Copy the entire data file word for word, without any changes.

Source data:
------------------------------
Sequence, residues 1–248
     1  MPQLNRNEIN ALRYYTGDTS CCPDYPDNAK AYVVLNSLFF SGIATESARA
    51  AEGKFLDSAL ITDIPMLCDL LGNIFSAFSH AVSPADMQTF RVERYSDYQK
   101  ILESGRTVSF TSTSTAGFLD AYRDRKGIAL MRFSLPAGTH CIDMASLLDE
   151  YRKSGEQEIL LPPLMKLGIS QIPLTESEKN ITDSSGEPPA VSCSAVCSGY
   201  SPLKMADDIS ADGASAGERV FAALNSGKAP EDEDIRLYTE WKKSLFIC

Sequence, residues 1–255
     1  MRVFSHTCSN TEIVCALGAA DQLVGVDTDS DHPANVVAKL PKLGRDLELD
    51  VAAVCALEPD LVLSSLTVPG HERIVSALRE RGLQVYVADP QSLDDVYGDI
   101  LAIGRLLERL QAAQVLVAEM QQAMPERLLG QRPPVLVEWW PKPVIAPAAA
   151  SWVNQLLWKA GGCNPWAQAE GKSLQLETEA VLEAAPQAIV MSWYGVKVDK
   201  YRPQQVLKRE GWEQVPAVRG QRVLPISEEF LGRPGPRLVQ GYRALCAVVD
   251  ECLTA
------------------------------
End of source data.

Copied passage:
Sequence, residues 1–248
     1  MPQLNRNEIN ALRYYTGDTS CCPDYPDNAK AYVVLNSLFF SGIATESARA
    51  AEGKFLDSAL ITDIPMLCDL LGNIFSAFSH AVSPADMQTF RVERYSDYQK
   101  ILESGRTVSF TSTSTAGFLD AYRDRKGIAL MRFSLPAGTH CIDMASLLDE
   151  YRKSGEQEIL LPPLMKLGIS QIPLTESEKN ITDSSGEPPA VSCSAVCSGY
   201  SPLKMADDIS ADGASAGERV FAALNSGKAP EDEDIRLYTE WKKSLFIC

Sequence, residues 1–255
     1  MRVFSHTCSN TEIVCALGAA DQLVGVDTDS DHPANVVAKL PKLGRDLELD
    51  VAAVCALEPD LVLSSLTVPG HERIVSALRE RGLQVYVADP QSLDDVYGDI
   101  LAIGRLLERL QAAQVLVAEM QQAMPERLLG QRPPVLVEWW PKPVIAPAAA
   151  SWVNQLLWKA GGCNPWAQAE GKSLQLETEA VLEAAPQAIV MSWYGVKVDK
   201  YRPQQVLKRE GWEQVPAVRG QRVLPISEEF LGRPGPRLVQ GYRALCAVVD
   251  ECLTA